Saturday, October 12, 2013

Roaming the Coniferous Forests of My Dreams: Serge Lutens Fille en Aiguilles

When my husband and I visited Yellowstone National Park this summer, I was struck by the perfume that lingered in the air. At our campsite in particular, the languid and sweet aroma of pine and sap hung around us as though the pine trees swaying in the breeze were beautiful women walking by who had just surreptitiously applied Serge Lutens Fille en Aiguilles. I'd sampled and enjoyed the fragrance prior to our visit, but sitting in the vast expanse that is Yellowstone and breathing in the incredibly fresh air rich with the aroma of pine made me certain that Fille en Aiguilles had to be mine. 

If you've read reviews of Fille en Aiguilles elsewhere you'll know that this Serge Lutens masterpiece is regarded almost universally as "more than just a perfume." I'd go so far as to say that almost all who love this perfume associate it with a particular scent memory: a childhood spent exploring pine forests, a sleigh ride in the woods, a cold evening burning pine incense, Christmas. Whatever the scent memory may be, this drunken pine meets incense is sure to bring it back.


Like all of my favorite Serge Lutens fragrances, Fille en Aiguilles is unquestionably over the top. My immediate first impression of this perfume is that of boozy (bourbon?) pine. This fragrance doesn't just offer one dimensional green coniferous leaves, but rich sap and an undertone of dry bark. There is a damp quality but not wet, as though a heavy snow has fallen that is only suggestive of water. As Fille en Aiguilles dries down I detect (as I do in many of the Lutens perfumes conceived by Christopher Sheldrake) surypy dried fruit that gives the fragrance a personality that can only be described as bodacious. This classic Serge Lutens note highlights and complements the pine as the incense develops against my skin. Much like a stick of incense that leaves its presence in the room like a phantom long after the red cherry embers have stopped smoking, Fille en Aiguilles will stay with you throughout the day. I often wake up the morning after I've worn this still smelling of pine as though I've physically roamed through the pine forests I sometimes see in my dreams.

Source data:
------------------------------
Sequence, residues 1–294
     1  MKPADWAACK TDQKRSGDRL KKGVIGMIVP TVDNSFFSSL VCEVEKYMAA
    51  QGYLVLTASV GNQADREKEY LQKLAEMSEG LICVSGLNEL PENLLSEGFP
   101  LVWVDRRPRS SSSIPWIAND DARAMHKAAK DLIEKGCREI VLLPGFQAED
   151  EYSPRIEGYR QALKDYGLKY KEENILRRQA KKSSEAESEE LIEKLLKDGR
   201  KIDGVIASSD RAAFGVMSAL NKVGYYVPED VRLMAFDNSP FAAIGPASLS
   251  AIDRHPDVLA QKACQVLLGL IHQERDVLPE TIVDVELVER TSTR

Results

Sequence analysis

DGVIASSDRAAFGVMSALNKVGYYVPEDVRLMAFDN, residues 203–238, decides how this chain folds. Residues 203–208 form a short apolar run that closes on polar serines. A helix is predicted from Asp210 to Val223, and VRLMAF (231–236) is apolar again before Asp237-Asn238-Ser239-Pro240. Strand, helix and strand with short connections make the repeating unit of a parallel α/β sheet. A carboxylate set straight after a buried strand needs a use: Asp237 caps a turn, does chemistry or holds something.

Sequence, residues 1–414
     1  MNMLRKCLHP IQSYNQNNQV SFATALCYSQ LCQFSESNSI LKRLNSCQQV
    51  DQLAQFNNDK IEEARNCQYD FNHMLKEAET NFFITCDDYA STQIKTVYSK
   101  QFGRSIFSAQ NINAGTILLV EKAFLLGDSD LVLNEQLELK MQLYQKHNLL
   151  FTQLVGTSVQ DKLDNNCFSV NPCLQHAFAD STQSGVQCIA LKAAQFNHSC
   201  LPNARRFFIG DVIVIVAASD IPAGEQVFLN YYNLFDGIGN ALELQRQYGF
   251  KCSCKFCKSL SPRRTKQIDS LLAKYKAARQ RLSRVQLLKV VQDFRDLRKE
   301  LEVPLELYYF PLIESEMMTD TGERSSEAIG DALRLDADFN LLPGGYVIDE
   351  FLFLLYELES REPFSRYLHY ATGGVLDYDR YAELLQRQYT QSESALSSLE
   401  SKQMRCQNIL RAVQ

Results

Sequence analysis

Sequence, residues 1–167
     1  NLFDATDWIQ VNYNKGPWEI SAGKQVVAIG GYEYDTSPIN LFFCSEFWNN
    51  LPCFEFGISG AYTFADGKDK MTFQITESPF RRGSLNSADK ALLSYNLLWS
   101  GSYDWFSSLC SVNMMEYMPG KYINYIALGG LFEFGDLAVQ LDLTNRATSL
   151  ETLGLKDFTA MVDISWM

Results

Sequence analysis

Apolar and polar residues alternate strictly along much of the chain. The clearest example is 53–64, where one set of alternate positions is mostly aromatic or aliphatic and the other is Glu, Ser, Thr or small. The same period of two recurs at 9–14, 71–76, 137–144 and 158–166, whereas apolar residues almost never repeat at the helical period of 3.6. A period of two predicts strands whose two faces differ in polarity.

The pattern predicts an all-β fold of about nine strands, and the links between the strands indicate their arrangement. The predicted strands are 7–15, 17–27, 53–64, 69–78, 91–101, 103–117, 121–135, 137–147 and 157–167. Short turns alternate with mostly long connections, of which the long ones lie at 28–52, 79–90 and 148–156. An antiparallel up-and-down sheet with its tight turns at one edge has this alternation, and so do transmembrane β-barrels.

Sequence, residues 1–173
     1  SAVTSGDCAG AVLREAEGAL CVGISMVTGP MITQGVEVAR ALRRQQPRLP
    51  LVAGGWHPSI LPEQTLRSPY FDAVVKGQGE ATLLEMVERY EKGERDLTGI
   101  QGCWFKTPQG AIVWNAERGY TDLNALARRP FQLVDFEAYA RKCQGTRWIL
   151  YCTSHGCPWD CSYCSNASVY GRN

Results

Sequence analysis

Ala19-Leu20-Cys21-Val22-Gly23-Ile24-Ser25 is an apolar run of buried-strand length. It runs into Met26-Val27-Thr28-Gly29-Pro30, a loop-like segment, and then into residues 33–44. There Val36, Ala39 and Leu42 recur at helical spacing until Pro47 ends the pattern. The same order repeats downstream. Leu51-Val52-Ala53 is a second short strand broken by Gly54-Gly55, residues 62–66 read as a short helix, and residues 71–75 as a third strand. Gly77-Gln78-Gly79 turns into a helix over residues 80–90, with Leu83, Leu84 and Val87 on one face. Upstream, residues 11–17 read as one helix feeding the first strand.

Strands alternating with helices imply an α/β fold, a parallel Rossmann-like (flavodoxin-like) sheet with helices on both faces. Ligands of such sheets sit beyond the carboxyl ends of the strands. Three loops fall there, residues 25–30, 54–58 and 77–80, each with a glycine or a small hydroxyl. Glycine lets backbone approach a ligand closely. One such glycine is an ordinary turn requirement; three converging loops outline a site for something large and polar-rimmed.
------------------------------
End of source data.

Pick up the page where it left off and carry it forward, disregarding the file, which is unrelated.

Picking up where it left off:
Fille en Aiguilles is a fragrance for those who love woody, rich perfumes but tend to steer clear of dryer vetiver heavy concoctions (although this note is present). It's a perfume that celebrates all elements of the coniferous forest and pays homage to the way they smell, particularly during the winter. I adore it.

Have you tried Serge Lutens Fille en Aiguilles?

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